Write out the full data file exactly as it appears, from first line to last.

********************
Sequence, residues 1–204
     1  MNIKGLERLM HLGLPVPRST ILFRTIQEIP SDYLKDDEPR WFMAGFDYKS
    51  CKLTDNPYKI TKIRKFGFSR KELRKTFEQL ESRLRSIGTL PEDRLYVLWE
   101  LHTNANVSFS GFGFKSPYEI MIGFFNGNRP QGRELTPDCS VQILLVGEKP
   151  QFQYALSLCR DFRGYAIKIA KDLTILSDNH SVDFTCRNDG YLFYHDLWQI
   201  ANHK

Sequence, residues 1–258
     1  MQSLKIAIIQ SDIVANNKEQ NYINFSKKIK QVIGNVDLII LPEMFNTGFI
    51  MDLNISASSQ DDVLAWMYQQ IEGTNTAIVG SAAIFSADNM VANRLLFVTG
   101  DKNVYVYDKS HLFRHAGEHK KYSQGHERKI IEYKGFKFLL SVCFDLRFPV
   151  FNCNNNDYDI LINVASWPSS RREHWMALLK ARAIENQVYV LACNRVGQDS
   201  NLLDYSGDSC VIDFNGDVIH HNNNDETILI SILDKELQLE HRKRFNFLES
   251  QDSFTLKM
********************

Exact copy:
Sequence, residues 1–204
     1  MNIKGLERLM HLGLPVPRST ILFRTIQEIP SDYLKDDEPR WFMAGFDYKS
    51  CKLTDNPYKI TKIRKFGFSR KELRKTFEQL ESRLRSIGTL PEDRLYVLWE
   101  LHTNANVSFS GFGFKSPYEI MIGFFNGNRP QGRELTPDCS VQILLVGEKP
   151  QFQYALSLCR DFRGYAIKIA KDLTILSDNH SVDFTCRNDG YLFYHDLWQI
   201  ANHK

Sequence, residues 1–258
     1  MQSLKIAIIQ SDIVANNKEQ NYINFSKKIK QVIGNVDLII LPEMFNTGFI
    51  MDLNISASSQ DDVLAWMYQQ IEGTNTAIVG SAAIFSADNM VANRLLFVTG
   101  DKNVYVYDKS HLFRHAGEHK KYSQGHERKI IEYKGFKFLL SVCFDLRFPV
   151  FNCNNNDYDI LINVASWPSS RREHWMALLK ARAIENQVYV LACNRVGQDS
   201  NLLDYSGDSC VIDFNGDVIH HNNNDETILI SILDKELQLE HRKRFNFLES
   251  QDSFTLKM